Is it news that the Orange County Sheriff's Department will be looking extra hard for drunks behind the wheel tonight, or would it be news if they were not?
Either way, the force announced “saturation patrols” will be out there as part of the “Avoid the 38”
DUI Task Force, which is funded by the California Office of Traffic Safety
through a National Highway Traffic Safety Administration (NHTSA) grant.
“Driving impaired is simply not worth the risk,” says Sgt.
Mark Daigle of the department's Traffic Bureau. “Not only
do you risk killing yourself or someone else, but the trauma and financial
costs of a crash or an arrest for driving while impaired can be significant.”
Just ask Richard Ernest Caselli.
The 37-year-old Ladera Ranch resident was
indicted by the grand jury Tuesday on one felony count of vehicular
manslaughter with gross negligence while intoxicated in an Oct. 16, 2009, crash that claimed the life of 51-year-old Brook Boynton.
Caselli is accused of
driving at speeds over 100 mph in his Volvo sedan on State Route 73 north of Laguna Canyon Road, and just before 6:30 p.m. that October day he allegedly lost control of his car, which crashed into a Nissan
sport utility vehicle driven by Boynton. The force of
the crash caused the Nissan to spin out of control and roll,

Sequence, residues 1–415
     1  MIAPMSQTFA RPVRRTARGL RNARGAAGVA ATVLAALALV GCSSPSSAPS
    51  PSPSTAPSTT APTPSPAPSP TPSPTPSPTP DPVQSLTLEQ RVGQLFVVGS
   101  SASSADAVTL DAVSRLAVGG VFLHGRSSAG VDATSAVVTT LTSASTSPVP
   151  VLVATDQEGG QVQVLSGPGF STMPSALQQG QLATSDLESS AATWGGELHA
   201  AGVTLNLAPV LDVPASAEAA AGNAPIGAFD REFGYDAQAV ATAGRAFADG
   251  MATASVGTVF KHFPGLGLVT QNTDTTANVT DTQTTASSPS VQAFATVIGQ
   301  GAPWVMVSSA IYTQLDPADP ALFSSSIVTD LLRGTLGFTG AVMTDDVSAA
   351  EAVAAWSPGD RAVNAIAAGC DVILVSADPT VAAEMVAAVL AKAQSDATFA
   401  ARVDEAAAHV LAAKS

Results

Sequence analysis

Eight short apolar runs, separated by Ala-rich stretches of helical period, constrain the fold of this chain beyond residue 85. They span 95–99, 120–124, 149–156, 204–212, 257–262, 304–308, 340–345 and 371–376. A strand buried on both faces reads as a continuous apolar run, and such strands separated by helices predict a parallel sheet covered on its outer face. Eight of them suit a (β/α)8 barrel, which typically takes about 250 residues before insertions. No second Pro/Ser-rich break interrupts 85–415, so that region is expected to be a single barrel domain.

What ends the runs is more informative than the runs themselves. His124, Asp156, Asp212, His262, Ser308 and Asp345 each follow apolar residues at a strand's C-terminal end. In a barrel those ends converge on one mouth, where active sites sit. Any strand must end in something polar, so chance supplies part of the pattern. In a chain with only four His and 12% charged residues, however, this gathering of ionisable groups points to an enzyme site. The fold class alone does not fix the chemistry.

ejecting Boynton onto the right shoulder. He died as a
result of his injuries.
After Caselli's Volvo came to a stop and the driver faced responding police officers, he allegedly showed signs of intoxication,
including bloodshot and watery eyes, slurred speech, and omitting an
odor of alcohol.
Currently out on $150,000 bail, Caselli could get up to 10 years in state prison if convicted. His arraignment is scheduled for Friday in a Santa Ana courtroom.
“Impaired driving is no accident nor is it a victimless
crime,” Daigle says. “Driving impaired or riding with
someone who is impaired is simply not worth the risk because the consequences
are serious and real.”
On St. Patrick's Day 2008, 37
percent of the drivers and motorcyclists involved in fatal crashes
nationally had a blood
alcohol content of .08 or above, according to NHTSA statistics. The
“Avoid the 38” DUI Task Force has thus released recommends for a safe
St. Paddy's Day.
a safe way home before the festivities begin;
drinking, designate a sober driver and leave your car keys at home;
you're impaired, use a taxi, call a sober friend or family member, or use
public transportation so you are sure to get home safely;
you see a drunk driver on the road, call 911;
- If you know someone who is about to drive or ride while
impaired, take their keys and help them make other arrangements to get to
where they are going safely;
- Designate a sober driver before the party begins.